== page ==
CW: This article talks about transphobia, fascist/Nazi behaviour and discusses mental health and suicide. Readers are advised.
Gender critical theory, traditionally, refers to those who argue that sex is “real, important and immutable” and that it should not be conflated with gender identity. Gender critical feminists believe that feminism should be organised on the basis of sex rather than gender identity/expression. This manifests in a multitude of ways: transwomen are excluded from women only spaces; legal recognition and medical treatment for trans people are opposed; and gender identity and expression are trivialised. The term ‘gender critical feminism’ was coined by the trans-exclusionary radical feminist (TERF) community in an effort to neutralise the description that ‘trans-exclusionary’ denotes.
In light of the recent anti-transgender ‘Let Women Speak’ protests led by infamous UK TERF Kellie-Jay Keen-Minshull (also known as Posie Parker), the motivations surrounding gender critical feminist debate have been put under consideration. In Melbourne on the 18th March 2023, disturbing scenes arose of neo-Nazis joining in on the ‘gender critical’ protest led by Keen-Minshull wherein chants of “white power” and Nazi salutes were abundant. Victorian Premier Daniel Andrews condemned the behaviour, but all too late as anti-trans rhetoric was livestreamed from several accounts online. Even I was subjected to this on a TikTok live with no warning and in an extremely triggering fashion. As both a trans individual and someone with Jewish heritage, this was incredibly upsetting to see happen so close to home.
While Keen-Minshull denied that the neo-Nazi group was a part of the ‘Let Women Speak’ rally, it was still apparent that they shared a similar ideology in terms of gender politics. This begs the question: when your political and feminist ideologies line up in a way that appeals to fascists, to what extent can you truly call yourself a feminist?
By extension, it has been found that after the rally held in New Zealand, online hate towards the transgender community has spiked significantly, and is bordering on genocidal levels. With this snowball effect of discrimination leading to violent acts rippling through trans communities worldwide, a central question comes to mind: when your supposed ‘activism’ impedes on the rights and safeties of other minority groups, can this truly be called activist behaviour? A 2021 National Community Survey on the Health and Well-being of Transgender Australians found that 73 per cent of participants had been diagnosed with depression and 67 per cent were diagnosed with anxiety. Further, 43 per cent had attempted suicide with a 63 per cent self-harm rate. This does not include trans individuals who have lost their lives, simply for trying to navigate a world that hinders trans excellence.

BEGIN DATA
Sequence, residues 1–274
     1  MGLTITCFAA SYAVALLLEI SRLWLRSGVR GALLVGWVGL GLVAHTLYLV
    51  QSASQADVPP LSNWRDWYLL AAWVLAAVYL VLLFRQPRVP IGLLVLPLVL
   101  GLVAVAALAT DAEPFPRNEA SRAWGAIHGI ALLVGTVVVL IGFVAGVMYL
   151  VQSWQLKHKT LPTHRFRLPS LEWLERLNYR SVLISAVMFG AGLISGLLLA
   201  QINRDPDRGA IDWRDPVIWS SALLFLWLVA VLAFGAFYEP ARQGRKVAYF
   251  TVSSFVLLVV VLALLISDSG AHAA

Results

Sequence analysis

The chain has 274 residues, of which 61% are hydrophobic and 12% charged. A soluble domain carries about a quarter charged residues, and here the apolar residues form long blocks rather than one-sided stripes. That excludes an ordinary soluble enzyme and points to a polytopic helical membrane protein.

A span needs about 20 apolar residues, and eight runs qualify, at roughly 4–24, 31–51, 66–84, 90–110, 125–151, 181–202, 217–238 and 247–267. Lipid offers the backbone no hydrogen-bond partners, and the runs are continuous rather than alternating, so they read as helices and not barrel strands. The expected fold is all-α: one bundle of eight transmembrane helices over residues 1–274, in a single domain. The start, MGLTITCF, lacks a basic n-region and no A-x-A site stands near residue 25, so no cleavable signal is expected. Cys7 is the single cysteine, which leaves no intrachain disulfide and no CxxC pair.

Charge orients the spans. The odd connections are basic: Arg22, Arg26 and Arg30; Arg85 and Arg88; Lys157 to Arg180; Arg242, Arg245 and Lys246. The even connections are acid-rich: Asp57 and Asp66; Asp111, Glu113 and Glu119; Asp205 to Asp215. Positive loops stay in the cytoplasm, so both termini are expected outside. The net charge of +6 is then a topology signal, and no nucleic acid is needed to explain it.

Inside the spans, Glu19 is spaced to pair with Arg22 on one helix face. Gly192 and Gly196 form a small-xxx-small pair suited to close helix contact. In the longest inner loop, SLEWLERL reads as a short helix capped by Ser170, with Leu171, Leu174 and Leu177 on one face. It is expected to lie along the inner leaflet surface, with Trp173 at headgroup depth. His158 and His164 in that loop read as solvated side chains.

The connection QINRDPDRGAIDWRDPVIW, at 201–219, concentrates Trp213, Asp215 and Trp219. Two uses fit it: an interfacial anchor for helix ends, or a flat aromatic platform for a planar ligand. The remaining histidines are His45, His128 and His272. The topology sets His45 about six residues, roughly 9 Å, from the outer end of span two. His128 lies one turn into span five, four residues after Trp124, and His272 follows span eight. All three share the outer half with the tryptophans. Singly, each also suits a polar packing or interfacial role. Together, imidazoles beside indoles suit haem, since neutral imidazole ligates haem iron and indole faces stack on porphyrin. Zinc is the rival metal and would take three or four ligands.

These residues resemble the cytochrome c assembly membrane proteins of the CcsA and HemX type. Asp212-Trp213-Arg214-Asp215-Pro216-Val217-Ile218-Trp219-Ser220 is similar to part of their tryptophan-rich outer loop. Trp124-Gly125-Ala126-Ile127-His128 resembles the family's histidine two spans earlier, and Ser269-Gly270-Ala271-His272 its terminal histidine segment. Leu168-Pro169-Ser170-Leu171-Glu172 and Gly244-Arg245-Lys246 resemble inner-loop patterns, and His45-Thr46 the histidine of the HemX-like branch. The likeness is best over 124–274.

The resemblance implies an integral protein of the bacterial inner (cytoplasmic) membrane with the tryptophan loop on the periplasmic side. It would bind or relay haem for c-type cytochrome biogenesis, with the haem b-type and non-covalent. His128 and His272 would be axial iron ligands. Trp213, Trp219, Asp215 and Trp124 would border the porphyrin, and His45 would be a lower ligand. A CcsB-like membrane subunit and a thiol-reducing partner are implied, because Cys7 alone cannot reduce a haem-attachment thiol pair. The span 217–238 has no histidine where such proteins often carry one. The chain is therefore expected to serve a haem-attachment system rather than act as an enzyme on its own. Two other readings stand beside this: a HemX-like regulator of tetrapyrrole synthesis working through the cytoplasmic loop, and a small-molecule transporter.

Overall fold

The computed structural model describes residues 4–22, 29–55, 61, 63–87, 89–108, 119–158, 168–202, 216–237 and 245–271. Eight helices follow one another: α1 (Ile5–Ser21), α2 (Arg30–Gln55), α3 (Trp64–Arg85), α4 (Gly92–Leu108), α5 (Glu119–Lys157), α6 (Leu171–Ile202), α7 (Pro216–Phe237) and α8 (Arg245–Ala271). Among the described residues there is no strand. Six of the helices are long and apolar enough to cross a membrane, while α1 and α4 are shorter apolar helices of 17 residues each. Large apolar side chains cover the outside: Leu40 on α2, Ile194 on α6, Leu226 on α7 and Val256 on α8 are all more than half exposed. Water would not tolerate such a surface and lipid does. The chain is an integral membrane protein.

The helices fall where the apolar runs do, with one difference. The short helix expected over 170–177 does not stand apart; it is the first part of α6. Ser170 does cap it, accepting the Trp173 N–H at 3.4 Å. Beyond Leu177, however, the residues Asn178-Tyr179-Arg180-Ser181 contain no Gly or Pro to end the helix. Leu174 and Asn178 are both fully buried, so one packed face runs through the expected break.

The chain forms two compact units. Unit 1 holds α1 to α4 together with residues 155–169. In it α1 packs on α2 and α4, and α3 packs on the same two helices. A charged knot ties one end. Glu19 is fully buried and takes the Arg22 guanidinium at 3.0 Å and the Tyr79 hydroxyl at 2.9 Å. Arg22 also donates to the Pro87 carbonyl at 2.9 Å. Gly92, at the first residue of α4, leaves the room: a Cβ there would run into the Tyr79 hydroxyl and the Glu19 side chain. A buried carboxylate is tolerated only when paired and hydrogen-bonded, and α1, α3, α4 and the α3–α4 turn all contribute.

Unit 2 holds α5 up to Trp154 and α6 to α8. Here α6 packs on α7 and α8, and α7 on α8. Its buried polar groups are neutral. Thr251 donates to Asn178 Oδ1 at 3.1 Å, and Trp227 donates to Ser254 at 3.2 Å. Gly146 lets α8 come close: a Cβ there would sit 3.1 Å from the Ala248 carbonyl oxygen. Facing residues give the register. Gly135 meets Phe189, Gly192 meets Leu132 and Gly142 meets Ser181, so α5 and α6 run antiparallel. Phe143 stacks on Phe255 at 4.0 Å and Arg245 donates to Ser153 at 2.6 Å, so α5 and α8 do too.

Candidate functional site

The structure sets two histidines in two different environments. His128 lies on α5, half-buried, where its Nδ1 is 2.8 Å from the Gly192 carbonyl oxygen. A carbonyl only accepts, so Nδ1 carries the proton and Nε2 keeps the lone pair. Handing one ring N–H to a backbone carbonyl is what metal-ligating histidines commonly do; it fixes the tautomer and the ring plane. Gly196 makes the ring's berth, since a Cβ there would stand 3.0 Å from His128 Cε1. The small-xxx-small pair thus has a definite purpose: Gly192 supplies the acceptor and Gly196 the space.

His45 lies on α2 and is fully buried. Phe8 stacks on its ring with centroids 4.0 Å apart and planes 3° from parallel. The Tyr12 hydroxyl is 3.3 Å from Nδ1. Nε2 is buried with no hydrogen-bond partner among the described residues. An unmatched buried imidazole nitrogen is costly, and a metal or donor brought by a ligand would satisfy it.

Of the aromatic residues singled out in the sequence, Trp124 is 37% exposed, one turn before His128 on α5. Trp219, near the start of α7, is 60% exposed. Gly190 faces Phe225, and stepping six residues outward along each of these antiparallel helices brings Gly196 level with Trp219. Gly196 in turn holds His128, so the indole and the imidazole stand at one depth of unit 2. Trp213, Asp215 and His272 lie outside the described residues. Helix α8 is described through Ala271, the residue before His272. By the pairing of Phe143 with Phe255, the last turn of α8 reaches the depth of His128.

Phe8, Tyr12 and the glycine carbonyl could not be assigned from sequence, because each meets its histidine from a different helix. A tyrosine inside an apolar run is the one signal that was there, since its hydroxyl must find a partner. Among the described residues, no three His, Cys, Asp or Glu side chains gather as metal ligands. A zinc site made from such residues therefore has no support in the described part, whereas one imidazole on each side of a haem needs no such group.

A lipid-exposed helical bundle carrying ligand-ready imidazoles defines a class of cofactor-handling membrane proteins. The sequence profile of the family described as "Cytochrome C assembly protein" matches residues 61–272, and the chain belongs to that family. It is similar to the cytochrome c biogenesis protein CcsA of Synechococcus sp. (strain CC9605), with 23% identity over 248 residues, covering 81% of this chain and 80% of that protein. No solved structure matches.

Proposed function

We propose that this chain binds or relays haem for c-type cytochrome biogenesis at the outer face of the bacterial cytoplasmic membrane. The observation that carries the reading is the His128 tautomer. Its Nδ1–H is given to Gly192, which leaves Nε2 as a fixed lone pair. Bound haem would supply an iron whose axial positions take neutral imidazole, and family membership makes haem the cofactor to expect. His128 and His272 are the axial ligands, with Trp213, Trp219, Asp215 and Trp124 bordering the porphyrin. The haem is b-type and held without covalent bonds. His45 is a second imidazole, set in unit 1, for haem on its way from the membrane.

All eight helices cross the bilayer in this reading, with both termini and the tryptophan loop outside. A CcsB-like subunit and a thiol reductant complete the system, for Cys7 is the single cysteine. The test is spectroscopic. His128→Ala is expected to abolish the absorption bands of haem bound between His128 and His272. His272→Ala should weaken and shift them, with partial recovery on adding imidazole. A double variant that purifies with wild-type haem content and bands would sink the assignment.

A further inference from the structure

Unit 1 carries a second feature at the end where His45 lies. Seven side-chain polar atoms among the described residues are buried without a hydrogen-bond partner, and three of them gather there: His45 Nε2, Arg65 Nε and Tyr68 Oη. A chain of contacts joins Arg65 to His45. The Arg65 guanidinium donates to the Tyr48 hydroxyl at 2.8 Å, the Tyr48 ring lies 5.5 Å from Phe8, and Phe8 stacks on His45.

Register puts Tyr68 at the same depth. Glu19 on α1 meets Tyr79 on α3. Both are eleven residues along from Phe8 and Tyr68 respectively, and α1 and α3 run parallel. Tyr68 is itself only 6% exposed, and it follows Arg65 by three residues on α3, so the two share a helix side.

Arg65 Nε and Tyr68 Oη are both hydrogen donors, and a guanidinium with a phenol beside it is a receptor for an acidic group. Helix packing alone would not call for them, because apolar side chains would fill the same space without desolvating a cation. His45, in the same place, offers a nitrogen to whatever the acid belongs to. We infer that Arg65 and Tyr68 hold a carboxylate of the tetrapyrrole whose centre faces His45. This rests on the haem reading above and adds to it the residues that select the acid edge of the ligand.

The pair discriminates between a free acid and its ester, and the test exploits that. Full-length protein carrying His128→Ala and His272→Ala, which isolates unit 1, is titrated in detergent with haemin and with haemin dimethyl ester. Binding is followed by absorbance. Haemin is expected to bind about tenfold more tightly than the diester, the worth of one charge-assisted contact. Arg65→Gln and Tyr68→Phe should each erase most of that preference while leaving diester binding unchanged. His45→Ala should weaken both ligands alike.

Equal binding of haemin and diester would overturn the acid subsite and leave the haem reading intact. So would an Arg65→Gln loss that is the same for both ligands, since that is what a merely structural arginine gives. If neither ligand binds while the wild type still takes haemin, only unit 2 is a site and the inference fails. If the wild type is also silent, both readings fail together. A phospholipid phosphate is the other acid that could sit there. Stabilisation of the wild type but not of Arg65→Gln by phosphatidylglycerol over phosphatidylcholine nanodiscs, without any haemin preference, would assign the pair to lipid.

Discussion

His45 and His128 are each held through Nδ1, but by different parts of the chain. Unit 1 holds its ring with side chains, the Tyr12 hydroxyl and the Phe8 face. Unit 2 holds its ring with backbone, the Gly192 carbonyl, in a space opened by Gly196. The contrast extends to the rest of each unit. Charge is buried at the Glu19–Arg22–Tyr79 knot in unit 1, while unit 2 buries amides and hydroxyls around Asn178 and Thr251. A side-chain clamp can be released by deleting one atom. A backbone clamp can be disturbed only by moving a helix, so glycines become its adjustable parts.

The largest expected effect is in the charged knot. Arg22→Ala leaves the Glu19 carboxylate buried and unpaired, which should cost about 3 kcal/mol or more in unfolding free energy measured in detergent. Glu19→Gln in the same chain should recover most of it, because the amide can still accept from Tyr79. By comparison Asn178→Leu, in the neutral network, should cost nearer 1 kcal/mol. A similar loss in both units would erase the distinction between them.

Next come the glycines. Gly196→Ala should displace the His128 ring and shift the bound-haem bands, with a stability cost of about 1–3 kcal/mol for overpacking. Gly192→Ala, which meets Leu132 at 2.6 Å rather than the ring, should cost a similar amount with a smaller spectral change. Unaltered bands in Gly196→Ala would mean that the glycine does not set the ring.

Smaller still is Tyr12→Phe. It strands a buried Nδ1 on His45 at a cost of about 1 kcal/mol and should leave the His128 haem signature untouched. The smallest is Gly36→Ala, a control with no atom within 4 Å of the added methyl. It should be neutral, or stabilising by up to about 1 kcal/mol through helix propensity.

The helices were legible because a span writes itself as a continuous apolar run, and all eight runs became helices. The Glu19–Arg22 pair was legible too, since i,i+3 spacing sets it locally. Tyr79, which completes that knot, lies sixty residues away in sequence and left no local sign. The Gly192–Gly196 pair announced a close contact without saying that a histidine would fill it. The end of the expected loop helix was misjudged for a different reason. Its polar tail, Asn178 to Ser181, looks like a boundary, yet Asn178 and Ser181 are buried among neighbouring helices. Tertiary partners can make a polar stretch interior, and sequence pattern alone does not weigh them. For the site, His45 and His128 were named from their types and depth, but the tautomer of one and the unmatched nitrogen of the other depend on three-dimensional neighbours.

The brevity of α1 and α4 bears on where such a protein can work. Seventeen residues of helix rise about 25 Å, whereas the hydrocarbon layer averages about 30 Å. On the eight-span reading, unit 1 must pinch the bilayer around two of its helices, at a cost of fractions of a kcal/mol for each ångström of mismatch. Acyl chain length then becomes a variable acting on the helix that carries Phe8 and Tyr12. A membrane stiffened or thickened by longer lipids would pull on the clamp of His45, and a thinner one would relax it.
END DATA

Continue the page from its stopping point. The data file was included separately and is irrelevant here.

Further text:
Not only is this having an effect on the trans community as a whole, but Keen-Minshull’s campaign has taken root in Australian politics. With Liberal MP Moira Deeming showing support by assisting in the organisation for the anti-trans rights protest that took place in Melbourne, there has been an internal battle and division within the Liberal Party regarding what it stands for. Victorian Liberal leader John Pesutto has, as a result, called for Deeming to be expelled from the party for “organising, promoting and attending” the rally, mostly due to the involvement of the far-right on the day. As of 27th March, Deeming has been expelled from the Liberal Party for nine months, which has caused further division within the Party.
Of course, much of the rhetoric surrounding the TERF protestors has encompassed ideas of trans hysteria, to which I morally object. When a purported ‘freedom of speech’ movement impedes on your rights to exist safely and comfortably, and be included in spaces, I feel that this is well and truly hate speech. Of course we’re angry, of course we’re ‘hysterical’. When it’s a matter of life and death, you would be hysterical too. While I am not condemning the use of freedom of speech, I feel that it has been grossly appropriated to be a vehicle of hate and discrimination, which there is legislation criminalising.
The Hobart ‘Let Women Speak’ rally was vastly outnumbered by the counter-protest organised by trans individuals and allies. I was unable to go to the Hobart counter-protest myself, and I admire trans individuals who had the mental strength to do so, but the images of a strong trans and trans ally presence filled me with trans joy. I felt pride in my community and a sense of hope for our survival. Whether you like it or not, the future is trans.